In recent years, capacitive touch interfaces have become commonplace on products that have traditionally used mechanical buttons. Products as diverse as remote controls, wall-mounted panels, white goods appliances, and of course smart phones all now routinely use capacitive input surfaces. Despite the popularity of capacitive sensing surfaces, designers should weigh both the advantages and disadvantages of capacitive sensing technology against older mechanical button technology before deciding on the best interface for their products.
In many cases, mechanical buttons require less current to monitor than capacitive sensing inputs because mechanical buttons can be tied to port match wake-ups that allow the system to be in an extremely low power state without waking for any monitoring or maintenance. Mechanical buttons are also generally less susceptible to generating false positive touch events due to coupled interference on the MCU’s input pin. This is because mechanical buttons are monitored using digital input pin logic, whereas capacitive sensing solutions require more sensitive analog hardware. Finally, mechanical buttons tend to do a better job of sensing touches from gloved hands, because many fabrics electrically insulate fingers and prevent capacitive sensing solutions from detecting them.
Capacitive sensing inputs became a popular choice for interface design because of the flexibility offered by capacitive sensing input surfaces compared to mechanical inputs. With capacitive sensing inputs, buttons can be shaped in a wide variety of ways, and slider and control wheel designs can be implemented in a way that can be visually attractive while not adding additional manufacturing burden. A capacitive sensing input surface enables designers to create attractive and distinct products.
Capacitive sensing inputs also mean fewer mechanical parts on a bill of materials relative to a design with mechanical buttons. Many capacitive sensing interfaces consist only of a PCB with electrodes, an acrylic overlay, and a decal adhered to the overlay. This reduced BOM count can lower manufacturing cost and time. Fewer mechanical parts also means lower risk of failure in the field, as capacitive sensing buttons don’t wear out and break like mechanical buttons do.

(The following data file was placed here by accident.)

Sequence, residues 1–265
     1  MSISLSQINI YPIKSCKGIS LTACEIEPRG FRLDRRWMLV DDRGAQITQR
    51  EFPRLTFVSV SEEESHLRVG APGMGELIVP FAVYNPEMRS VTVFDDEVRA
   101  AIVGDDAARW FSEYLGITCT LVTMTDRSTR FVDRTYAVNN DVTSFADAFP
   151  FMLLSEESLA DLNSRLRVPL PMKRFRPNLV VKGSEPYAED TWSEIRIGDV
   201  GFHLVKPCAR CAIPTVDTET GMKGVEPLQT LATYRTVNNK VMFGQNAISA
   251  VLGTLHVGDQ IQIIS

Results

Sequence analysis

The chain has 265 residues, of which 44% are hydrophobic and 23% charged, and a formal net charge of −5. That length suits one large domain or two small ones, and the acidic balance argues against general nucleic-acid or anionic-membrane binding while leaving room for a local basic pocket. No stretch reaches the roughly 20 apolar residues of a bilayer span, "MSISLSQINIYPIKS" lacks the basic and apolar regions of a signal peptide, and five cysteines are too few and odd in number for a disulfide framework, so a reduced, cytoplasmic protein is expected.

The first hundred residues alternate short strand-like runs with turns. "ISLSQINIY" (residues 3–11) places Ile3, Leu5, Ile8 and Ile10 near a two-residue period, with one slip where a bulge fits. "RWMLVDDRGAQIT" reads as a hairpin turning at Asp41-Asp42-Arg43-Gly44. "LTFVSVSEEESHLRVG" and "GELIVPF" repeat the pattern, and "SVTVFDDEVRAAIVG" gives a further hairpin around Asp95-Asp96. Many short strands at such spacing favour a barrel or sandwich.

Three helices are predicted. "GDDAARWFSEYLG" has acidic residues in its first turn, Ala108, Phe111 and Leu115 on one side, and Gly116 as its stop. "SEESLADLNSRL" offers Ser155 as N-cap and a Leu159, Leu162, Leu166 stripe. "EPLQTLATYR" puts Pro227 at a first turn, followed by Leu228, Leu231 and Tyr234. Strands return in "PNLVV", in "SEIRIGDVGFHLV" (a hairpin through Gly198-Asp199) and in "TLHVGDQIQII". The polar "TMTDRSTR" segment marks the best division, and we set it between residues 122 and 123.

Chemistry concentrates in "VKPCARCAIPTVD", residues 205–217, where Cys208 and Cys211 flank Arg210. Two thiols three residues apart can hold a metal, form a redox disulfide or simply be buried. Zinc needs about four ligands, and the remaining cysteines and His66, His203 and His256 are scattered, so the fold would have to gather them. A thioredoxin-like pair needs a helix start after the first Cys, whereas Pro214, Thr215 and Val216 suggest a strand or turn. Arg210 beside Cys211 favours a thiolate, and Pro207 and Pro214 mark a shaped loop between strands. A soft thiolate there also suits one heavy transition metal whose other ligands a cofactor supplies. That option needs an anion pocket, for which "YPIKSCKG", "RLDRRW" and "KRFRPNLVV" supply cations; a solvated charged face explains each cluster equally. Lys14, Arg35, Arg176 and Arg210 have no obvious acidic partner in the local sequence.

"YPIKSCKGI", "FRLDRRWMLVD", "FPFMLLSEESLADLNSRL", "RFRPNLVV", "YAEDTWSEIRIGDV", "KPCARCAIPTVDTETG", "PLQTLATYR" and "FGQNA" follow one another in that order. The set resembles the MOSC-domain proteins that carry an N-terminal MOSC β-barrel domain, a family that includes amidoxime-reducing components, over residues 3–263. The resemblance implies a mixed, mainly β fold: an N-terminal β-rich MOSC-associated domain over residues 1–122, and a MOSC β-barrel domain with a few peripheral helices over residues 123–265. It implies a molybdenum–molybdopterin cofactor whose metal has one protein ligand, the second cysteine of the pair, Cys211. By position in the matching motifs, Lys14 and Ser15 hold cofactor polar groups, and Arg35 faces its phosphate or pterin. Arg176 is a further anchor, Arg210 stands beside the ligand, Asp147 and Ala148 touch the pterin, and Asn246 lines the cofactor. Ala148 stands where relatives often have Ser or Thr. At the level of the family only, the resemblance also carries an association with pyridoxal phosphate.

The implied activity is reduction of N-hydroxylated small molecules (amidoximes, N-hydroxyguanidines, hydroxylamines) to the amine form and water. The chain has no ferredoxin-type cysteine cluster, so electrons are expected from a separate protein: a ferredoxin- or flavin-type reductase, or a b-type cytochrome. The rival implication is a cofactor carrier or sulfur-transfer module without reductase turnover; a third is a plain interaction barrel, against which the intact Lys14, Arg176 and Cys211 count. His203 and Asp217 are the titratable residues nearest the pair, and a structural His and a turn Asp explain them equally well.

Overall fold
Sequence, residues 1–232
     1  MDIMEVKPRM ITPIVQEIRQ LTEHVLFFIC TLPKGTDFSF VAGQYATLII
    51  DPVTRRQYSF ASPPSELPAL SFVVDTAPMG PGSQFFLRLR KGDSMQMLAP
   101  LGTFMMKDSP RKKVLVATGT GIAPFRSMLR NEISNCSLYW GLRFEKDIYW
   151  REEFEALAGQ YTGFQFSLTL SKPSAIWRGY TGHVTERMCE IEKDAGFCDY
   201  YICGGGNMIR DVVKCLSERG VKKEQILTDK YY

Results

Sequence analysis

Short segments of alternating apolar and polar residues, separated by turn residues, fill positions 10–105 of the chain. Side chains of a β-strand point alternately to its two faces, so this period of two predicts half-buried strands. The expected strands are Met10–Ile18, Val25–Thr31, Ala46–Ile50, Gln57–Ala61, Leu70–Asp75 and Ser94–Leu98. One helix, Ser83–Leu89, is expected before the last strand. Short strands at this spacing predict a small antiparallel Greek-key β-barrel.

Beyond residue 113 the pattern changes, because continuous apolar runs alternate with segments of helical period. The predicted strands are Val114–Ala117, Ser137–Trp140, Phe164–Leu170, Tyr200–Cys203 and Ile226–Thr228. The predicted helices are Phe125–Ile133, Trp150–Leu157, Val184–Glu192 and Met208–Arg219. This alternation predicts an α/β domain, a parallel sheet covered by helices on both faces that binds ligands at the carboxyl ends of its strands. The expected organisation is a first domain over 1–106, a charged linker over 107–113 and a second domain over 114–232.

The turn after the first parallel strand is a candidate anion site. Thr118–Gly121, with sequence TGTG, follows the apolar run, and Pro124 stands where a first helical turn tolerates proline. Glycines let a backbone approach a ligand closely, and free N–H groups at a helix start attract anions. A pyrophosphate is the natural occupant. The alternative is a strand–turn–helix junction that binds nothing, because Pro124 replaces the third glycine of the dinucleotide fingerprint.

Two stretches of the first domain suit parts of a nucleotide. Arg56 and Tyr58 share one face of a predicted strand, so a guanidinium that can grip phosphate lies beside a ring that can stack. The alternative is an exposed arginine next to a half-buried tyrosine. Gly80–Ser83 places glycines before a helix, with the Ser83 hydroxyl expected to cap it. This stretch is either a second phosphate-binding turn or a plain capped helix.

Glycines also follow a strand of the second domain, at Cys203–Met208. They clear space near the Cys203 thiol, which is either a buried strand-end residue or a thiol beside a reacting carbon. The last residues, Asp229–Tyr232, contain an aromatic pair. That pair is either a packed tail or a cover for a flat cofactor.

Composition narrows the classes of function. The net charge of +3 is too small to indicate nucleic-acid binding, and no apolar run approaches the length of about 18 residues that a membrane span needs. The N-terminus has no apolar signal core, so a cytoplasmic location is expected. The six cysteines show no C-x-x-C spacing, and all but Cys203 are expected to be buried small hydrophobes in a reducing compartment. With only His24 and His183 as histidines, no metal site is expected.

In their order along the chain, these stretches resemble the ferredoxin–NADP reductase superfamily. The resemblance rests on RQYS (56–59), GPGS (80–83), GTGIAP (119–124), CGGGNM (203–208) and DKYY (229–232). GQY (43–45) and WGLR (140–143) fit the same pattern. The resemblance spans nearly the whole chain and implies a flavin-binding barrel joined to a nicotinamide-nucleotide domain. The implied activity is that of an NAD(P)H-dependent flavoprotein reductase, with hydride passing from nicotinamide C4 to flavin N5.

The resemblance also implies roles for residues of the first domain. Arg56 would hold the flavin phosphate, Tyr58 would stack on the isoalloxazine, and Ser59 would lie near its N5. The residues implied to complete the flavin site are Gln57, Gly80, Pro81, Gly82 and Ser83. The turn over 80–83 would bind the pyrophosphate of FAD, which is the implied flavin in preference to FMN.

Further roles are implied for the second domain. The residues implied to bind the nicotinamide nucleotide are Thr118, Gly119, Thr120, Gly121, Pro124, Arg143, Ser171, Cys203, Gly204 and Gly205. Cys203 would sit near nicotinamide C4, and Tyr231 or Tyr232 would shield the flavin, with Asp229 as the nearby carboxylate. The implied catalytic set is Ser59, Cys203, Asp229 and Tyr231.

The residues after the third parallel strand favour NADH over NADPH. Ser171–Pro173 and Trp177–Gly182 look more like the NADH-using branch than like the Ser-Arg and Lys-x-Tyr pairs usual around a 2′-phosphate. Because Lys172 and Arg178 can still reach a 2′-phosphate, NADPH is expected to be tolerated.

Mechanical and capacitive solutions both have susceptibility to moisture, however. Mechanical button designs that are not waterproof can be permanently damaged when water slips into the product’s circuitry, often through gaps in the mechanical button components of the interface. Capacitive sensing solutions are often more robust against permanent damage because the acrylic overlays are often a solid acrylic material with no gaps or seams where moisture can enter. However, capacitive sensing solutions can detect false positive touch events due to moisture on the sensing surface without sophisticated firmware-implemented countermeasures.
Silicon Laboratories’ capacitive sensing technology minimizes some of the potential disadvantages of capacitive sensing interfaces. Low power functionality on capacitive sensing MCUs provides an average current draw of less than 1 uA in most applications, which matches the lowest power state of many MCUs monitoring mechanical buttons in sleep mode. The capacitive sensing firmware library, aided by a high frequency on-chip system clock and large Flash/RAM footprint, provides the processing and buffering horsepower to guard against an array of interference sources that could lead to false positive touch events in other MCUs.
Developers decide to design with mechanical buttons or capacitive sensing buttons based on a set of criteria ranging from use cases and environments to ‘look and feel’ design choices. Silicon Labs’ capacitive sensing MCUs provide a robust capacitive sensing option that mitigates potential use case disadvantages and enables developers to concentrate on look and feel design choices.
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